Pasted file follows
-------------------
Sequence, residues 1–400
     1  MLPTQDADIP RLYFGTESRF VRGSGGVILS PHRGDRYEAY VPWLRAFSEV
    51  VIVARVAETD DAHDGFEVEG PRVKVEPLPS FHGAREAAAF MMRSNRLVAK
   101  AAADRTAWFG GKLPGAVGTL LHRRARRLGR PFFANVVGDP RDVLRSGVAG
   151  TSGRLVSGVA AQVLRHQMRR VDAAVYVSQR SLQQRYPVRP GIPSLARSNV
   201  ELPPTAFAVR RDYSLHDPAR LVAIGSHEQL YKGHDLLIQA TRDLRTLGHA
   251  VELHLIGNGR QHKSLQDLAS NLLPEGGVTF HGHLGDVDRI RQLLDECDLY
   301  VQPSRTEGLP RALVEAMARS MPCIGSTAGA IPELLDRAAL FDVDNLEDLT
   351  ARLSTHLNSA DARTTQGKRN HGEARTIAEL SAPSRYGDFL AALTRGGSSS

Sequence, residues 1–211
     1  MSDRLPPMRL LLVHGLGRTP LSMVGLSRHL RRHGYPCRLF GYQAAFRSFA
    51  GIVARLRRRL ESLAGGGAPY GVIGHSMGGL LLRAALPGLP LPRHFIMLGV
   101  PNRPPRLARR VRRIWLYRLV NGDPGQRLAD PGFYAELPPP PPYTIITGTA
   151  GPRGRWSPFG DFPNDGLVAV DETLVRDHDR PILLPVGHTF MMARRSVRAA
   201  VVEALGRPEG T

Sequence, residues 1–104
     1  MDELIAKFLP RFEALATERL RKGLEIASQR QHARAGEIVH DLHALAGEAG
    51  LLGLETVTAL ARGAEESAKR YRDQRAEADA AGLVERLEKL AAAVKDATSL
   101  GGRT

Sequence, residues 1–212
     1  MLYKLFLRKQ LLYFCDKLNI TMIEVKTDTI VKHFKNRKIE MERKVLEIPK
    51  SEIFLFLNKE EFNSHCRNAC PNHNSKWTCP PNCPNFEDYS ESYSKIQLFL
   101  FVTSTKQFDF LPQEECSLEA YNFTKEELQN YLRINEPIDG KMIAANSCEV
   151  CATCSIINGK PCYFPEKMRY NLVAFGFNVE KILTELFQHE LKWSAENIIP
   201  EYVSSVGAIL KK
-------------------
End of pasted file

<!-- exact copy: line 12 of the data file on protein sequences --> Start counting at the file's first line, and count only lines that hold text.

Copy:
    51  GIVARLRRRL ESLAGGGAPY GVIGHSMGGL LLRAALPGLP LPRHFIMLGV